Novartis AG (ADR) (NYSE:NVS) is in the process of tripling its portfolio of biosimilar drugs by 2020. The company is particularly working to develop alternatives to blockbuster drugs such as Johnson & Johnson (NYSE:JNJ) Remicade and Amgen, Inc. (NASDAQ:AMGN) Enbrel. The five original drugs whose copies Novartis hopes to launch in the coming four years generated total sales of about $44 billion in 2015.
Novartis is hoping to seize the opportunity in the biosimilars market at a time when payers, governments and patients are increasingly rebelling against expensive drugs. According to officials of Novartis, their biosimilar alternatives can be 75% cheaper compared to the original drugs they copy.
Over the coming four years, Novartis wants to launch biosimilars of Roche Holding Ltd. (ADR) (OTCMKTS:RHHBY) Rituxan, Amgen’s Neulasta and Enbrel, Johnson & Johnson’s Remicade and AbbVie Inc (NYSE:ABBV) Humira. If Novartis launches alternatives to these drugs without hitches, it would have nearly tripled the number of biosimilar drugs in its portfolio. With that, the company is hoping to unlock billions of dollars in fresh revenue considering that the five biologics being targeted generated sales of more than $44 billion last year.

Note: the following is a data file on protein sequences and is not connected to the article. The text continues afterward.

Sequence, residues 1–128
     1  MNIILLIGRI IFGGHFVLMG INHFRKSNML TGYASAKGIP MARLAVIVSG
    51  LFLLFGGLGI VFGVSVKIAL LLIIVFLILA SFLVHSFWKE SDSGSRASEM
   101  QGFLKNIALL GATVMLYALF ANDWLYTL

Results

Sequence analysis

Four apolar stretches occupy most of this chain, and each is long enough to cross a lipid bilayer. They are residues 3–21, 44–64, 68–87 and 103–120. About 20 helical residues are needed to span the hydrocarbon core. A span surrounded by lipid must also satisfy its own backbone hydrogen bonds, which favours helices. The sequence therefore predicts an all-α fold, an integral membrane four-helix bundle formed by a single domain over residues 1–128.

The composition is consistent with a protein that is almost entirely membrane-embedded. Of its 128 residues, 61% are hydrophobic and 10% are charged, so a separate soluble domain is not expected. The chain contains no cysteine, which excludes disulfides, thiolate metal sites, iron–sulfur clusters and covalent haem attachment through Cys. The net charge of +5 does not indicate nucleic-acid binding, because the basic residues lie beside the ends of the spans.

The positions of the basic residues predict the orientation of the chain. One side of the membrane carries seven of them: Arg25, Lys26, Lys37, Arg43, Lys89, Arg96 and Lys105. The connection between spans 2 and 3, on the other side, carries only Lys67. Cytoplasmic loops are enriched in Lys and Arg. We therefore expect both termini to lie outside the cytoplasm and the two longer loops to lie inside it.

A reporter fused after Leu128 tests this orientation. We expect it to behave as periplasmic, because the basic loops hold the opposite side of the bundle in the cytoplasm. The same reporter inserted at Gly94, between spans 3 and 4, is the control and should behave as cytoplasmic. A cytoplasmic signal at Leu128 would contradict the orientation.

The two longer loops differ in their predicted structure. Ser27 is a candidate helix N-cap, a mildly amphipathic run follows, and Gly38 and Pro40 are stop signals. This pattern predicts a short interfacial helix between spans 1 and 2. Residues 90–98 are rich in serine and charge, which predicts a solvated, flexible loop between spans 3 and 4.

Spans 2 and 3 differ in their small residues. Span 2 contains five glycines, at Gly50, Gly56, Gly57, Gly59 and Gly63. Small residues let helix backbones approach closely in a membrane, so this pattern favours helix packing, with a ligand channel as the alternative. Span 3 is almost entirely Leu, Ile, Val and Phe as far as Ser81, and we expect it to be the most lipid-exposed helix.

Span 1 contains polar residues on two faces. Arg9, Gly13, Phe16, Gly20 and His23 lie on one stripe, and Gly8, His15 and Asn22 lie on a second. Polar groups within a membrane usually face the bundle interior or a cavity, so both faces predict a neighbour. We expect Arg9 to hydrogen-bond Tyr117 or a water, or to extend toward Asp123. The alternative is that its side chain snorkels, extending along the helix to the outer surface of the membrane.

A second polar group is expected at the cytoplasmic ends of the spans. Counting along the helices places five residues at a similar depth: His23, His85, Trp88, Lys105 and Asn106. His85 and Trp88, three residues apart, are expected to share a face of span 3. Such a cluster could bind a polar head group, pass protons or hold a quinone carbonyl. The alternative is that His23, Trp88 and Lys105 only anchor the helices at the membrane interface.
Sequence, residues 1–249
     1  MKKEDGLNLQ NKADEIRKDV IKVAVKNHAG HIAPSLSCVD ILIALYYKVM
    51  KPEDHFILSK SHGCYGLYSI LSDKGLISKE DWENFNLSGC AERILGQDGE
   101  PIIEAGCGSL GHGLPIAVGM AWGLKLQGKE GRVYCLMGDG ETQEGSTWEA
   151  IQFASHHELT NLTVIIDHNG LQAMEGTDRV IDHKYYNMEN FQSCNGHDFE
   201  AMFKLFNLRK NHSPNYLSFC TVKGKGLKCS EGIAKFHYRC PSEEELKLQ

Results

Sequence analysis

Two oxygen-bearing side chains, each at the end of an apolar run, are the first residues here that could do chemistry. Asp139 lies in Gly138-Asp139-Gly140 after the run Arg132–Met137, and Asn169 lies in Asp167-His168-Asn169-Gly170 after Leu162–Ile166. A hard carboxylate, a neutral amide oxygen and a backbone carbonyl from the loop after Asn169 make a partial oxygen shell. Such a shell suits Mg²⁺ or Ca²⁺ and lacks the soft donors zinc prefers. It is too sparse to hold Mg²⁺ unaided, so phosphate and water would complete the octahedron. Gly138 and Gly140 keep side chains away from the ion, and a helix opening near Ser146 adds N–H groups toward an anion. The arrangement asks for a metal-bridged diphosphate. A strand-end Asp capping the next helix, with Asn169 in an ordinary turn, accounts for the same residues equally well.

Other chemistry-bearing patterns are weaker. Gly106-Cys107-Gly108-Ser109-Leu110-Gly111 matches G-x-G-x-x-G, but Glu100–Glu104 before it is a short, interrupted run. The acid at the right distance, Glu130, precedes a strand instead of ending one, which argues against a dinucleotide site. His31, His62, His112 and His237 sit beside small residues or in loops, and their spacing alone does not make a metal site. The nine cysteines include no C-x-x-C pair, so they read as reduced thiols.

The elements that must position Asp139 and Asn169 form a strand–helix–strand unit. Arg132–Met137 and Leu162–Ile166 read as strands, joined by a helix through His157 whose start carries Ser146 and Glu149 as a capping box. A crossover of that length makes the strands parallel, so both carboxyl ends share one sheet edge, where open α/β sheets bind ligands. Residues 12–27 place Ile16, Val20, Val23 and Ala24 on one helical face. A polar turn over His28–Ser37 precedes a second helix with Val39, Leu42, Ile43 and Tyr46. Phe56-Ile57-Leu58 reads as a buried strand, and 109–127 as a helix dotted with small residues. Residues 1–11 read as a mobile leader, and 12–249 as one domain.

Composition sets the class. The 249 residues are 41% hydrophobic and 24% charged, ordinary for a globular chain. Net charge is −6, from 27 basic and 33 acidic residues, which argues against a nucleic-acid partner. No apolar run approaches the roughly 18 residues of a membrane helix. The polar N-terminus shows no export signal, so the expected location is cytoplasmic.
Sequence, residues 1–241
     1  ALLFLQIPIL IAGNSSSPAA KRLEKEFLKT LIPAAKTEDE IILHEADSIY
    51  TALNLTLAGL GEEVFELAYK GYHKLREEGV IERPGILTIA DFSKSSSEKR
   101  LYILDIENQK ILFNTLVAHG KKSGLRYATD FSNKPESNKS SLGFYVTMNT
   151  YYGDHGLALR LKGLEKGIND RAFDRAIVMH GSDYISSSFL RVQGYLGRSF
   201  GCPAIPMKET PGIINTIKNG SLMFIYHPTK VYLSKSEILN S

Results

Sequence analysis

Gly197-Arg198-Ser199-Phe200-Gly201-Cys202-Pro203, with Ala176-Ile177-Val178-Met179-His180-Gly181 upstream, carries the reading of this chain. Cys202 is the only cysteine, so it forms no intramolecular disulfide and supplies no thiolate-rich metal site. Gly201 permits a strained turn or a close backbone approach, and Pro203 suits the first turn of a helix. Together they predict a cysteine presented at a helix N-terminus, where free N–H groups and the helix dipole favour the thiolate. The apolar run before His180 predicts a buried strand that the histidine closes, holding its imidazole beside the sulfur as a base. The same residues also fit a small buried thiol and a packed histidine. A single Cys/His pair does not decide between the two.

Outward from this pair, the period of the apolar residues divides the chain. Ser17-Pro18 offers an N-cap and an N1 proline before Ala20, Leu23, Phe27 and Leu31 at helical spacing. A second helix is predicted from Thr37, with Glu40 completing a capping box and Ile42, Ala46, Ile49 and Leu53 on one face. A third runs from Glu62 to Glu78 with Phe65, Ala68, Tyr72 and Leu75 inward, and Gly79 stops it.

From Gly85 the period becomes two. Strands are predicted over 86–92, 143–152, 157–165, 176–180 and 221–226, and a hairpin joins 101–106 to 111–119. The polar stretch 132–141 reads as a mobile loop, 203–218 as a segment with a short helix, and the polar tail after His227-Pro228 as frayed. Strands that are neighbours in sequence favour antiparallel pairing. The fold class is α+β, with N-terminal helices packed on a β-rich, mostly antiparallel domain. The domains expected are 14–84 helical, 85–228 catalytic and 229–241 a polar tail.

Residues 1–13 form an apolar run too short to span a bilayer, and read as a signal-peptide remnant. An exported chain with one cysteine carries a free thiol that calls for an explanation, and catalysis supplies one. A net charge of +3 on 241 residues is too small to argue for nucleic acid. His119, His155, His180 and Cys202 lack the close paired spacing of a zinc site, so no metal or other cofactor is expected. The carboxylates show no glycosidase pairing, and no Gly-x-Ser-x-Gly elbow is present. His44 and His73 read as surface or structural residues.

It is estimated that biosimilars could save drug buyers in the U.S. and Europe between €50 and €100 billion by 2020.
But there are risks for Novartis and others hoping to grow their revenues by launching copycats of biosimilars. Besides the regulatory hurdles, there is also the challenge of overcoming doctor reservation. It is said that some doctors don’t readily prescribe biosimilars because they believe they are different from the original drug despite being marked as highly similar to the original.
The other risk is a legal hurdle created by a lower U.S. court. One court ruled that makers of biosimilars must wait six months after they receive marketing clearance from the FDA before they can start selling those drugs. Novartis AG and others marketing biosimilars are challenging that ruling.